I would like to know whether there is any simple shell command to change the user home directory in Linux/Unix (one similar to chsh which changes the default login shell of an existing valid user) without touching the
/etc/passwd file. Thanks
Ibrahim's comment on the other answer is the correct way to alter an existing user's home directory.
Change the user's home directory:
usermod -d /newhome/username username
usermod is the command to edit an existing user.
-d (abbreviation for
--home) will change the user's home directory.
Change the user's home directory + Move the contents of the user's current directory:
usermod -m -d /newhome/username username
-m (abbreviation for
--move-home) will move the content from the user's current directory to the new directory.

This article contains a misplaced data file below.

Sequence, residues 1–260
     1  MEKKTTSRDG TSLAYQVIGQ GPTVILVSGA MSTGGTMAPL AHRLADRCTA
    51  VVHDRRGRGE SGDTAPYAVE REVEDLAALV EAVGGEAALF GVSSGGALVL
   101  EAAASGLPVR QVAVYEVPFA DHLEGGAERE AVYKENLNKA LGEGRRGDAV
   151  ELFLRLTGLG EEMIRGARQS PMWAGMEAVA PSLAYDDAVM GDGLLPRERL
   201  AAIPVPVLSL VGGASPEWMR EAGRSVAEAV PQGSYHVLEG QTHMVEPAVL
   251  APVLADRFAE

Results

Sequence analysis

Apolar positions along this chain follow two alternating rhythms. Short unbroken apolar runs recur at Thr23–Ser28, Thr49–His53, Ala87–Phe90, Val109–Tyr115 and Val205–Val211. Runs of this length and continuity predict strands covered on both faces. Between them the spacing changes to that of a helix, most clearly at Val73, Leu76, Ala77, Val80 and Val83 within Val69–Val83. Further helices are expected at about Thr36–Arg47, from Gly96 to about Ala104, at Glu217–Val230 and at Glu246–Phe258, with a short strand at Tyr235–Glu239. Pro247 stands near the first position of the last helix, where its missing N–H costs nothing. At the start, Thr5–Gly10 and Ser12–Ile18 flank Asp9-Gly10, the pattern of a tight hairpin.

Simply open this file using a text editor, type:
The default home directory defined by HOME variable, find line that read as follows:
Save and close the file. Now you can add user using regular useradd command:
# useradd vivek # passwd vivek
Verify user information:
# finger vivek
The accepted answer is faulty, since the contents from the initial user folder are not moved using it. I am going to add another answer to correct it:
sudo usermod -d /newhome/username -m username
You don't need to create the folder with username and this will also move your files from the initial user folder to /newhome/username folder.
Found out that this breaks some applications, the better way to do it is
In addition to symlink, on more recent distros and filesystems, as root you can also use bind-mount:
mkdir /home/username mount --bind --verbose /extra-home/username /home/username
This is useful for allowing access "through" the /home directory to subdirs via daemons that are otherwise configured to avoid pathing through symlinks (apache, ftpd, etc.).
You have to remember (or init script) to bind upon restarts, of course.
An example init script in
/extra-home/username /home/username none defaults,bind 0 0